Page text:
Mike Cote's Business Editor's Notebook: Aerosmith drummer rocks the morning brew
THE CEO of Rockin' & Roastin' expects his line of organic coffee from Sumatra, Ethiopia and Guatemala will be popular at the University of New Hampshire now that Durham Marketplace will stock them soon. That follows recent deals with the 18-store grocer Roche Bros. in Massachusetts and the nine-store Dave's Marketplace in Rhode Island.
Not bad for a company that started selling its coffee online only a year ago.
Joey Kramer just might have a hit on his hands.
The Aerosmith drummer has scored a few of those in his career already with more than 100 million albums sold. But the Boston rock legend insists his new business venture is more than just putting his name on a bag of beans. He's the boss.
"I think the biggest hurdle that I'll have is getting the message out there that it's not just another celebrity lending his name to make money. I'm hands-on," Kramer said during a recent interview from his home in Austin, Texas. "I have a great team that I put together, and we're obsessed with bringing quality gourmet coffee to the market for a reasonable retail price."
Rockin' and Roastin' practices the traditional shade-grown method of growing coffee beans, avoiding the use of chemical fertilizers and pesticides. "It's a more intense procedure, but it's better for the environment," Kramer said.
The Rock 'n' Roll Hall of Famer, 63, recently aligned with Comfort Foods in North Andover, Mass., to roast, package and distribute the coffee, which will retail for $7.99 to $8.99 for a 12-ounce bag. The line features two dark roasts from Sumatra and Ethiopia and a dark-medium roast from Guatemala and eventually also will be available in K-Cups.
"There's no reason people should be gouged on price for gourmet coffee. I think most people don't realize they can drink better coffee," Kramer said. "When they deal with the big guys - and I think you know what I mean when I say big guys - they get to a point where they're more concerned with quantity than quality, and they've become too big a conglomerate."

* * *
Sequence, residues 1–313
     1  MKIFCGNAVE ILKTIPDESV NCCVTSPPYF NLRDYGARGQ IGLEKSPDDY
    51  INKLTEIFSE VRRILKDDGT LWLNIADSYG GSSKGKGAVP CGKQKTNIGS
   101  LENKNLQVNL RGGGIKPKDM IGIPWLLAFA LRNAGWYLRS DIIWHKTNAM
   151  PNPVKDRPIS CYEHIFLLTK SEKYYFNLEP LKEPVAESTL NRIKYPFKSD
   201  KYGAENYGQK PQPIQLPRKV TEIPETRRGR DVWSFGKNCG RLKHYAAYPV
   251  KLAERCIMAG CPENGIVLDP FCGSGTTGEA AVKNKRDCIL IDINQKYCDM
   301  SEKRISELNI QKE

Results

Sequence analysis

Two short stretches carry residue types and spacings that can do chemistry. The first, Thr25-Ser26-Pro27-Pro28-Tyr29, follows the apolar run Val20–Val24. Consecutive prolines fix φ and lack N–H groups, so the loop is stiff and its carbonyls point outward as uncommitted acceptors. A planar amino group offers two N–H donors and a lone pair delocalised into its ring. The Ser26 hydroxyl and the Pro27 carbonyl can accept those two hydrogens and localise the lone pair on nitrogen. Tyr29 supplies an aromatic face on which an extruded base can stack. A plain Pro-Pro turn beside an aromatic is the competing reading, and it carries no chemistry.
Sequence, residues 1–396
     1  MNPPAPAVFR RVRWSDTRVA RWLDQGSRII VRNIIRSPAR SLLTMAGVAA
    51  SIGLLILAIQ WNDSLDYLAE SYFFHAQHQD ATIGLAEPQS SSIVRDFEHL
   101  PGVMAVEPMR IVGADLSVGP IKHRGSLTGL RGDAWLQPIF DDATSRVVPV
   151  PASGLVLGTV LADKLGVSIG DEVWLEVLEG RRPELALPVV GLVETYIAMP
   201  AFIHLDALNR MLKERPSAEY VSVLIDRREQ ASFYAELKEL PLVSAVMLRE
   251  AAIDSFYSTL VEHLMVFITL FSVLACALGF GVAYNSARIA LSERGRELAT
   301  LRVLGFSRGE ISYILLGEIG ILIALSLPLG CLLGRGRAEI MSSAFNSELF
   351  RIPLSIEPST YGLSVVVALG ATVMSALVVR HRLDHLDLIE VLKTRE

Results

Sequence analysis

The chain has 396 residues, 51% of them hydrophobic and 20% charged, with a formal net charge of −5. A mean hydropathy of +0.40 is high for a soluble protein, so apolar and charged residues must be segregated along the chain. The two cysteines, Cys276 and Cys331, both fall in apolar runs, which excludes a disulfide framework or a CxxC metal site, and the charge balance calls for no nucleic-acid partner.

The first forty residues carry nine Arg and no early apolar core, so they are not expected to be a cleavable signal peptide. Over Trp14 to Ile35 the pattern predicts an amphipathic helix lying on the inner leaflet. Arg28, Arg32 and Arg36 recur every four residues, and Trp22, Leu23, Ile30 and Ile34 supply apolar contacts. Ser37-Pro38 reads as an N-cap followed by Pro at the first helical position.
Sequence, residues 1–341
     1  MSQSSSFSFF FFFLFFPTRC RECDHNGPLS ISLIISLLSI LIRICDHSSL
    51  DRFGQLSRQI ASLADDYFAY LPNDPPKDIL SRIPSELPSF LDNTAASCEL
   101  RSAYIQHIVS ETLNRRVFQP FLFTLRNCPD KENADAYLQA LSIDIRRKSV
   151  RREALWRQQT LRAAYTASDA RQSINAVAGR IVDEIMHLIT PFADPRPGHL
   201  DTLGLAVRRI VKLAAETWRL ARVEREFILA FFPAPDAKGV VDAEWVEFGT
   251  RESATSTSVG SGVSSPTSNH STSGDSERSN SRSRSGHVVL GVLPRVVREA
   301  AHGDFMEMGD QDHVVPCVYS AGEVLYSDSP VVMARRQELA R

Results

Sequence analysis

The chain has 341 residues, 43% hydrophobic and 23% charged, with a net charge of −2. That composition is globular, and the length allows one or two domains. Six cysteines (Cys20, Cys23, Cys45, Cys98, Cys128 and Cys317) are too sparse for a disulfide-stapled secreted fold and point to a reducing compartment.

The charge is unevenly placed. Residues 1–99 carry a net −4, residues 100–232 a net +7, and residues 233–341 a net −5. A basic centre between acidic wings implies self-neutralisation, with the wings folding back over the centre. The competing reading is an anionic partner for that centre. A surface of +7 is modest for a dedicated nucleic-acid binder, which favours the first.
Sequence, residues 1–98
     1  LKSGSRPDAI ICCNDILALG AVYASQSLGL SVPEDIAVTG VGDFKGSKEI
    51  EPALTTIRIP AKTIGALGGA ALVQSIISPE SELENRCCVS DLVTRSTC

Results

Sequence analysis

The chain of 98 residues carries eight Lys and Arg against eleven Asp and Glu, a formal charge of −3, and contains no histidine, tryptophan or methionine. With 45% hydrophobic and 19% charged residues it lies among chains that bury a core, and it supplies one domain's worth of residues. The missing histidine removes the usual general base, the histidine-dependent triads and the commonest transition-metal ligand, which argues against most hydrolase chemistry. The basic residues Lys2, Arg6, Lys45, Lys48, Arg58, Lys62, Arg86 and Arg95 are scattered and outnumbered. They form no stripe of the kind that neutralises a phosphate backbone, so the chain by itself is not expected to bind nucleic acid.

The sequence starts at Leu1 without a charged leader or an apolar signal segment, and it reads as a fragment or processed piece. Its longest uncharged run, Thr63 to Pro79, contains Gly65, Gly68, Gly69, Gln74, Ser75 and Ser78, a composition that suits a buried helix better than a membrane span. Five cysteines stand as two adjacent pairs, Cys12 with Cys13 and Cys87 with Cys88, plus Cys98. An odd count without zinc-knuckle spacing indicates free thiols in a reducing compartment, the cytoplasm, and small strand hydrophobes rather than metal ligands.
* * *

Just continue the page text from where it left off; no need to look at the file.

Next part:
While Kramer is a Texan these days, his company's inroads in New England plays to his roots. Aerosmith got its start playing gigs in New Hampshire in the Sunapee area before moving to Boston and becoming the city's most successful rock export. He considers the Durham Marketplace deal like a homecoming.
"To have it in a store that is on campus is perfect," he said.
Over the next year, Kramer is donating some of the proceeds from his coffee sales to Music Drives Us, a nonprofit organization founded by Massachusetts car dealer Ernie Boch Jr. that supplies grants for music programs.
"High schools all over New England have had their music programs taken away because of a lack of funding," Kramer said.
The drummer was enjoying a short break back home from an Aerosmith tour supporting the "Music from Another Dimension!" album that included stops in Singapore, New Zealand, Australia and Thailand. The next leg includes Japan and South America.
Those regions could be potential markets for Rockin' and Roastin,' said Kramer's business partner, Frank Cimler, a Boston-based attorney who has long worked with rock stars.
"You're going to find this coffee throughout the country and elsewhere," Cimler said. "One of the objectives is to make sure that the coffee winds up overseas in the international market. The Aerosmith brand and Joey's brand are everywhere."
By the end of the month, Rockin' & Roastin' could be in as may as 100 retail outlets, Cimler said. The company already has talks scheduled to take the brand outside New England.
While Cimler has worked with celebrities on other business ventures, he said this one is unusual in that it sprung out of Kramer's particular passion.
"Joey is a fanatic about coffee and adamant about the quality of what he is associated with," he said. "He's very painstaking about the steps he takes to make sure all the quality is equal or better than anything that is out there on the market."
When Kramer gets back and the band takes another breather, he'll focus on his coffee business.
"It's something that I wanted to do for awhile, but basically I just didn't have the time because all my time is taken up by my career," he said. "Now we're taking some time off. I want to throw myself into this and do it the right way.
"Usually when you have a passion for something and you start doing it, it comes out well," he said.
Kramer could say the same about his work with Aerosmith. While the latest album racked up only modest sales compared to Aerosmith's mega-platinum heyday, global demand for its live shows have remained as strong as a cup of joe made from dark roasted beans imported from an exotic locale.
"There's still a lot of juice left. We can't go at it as hard as we used to, but there's certainly no reason to think about stopping," Kramer said.
Mike Cote is business editor at the Union Leader. Contact him at 668-4321, ext. 324 or firstname.lastname@example.org.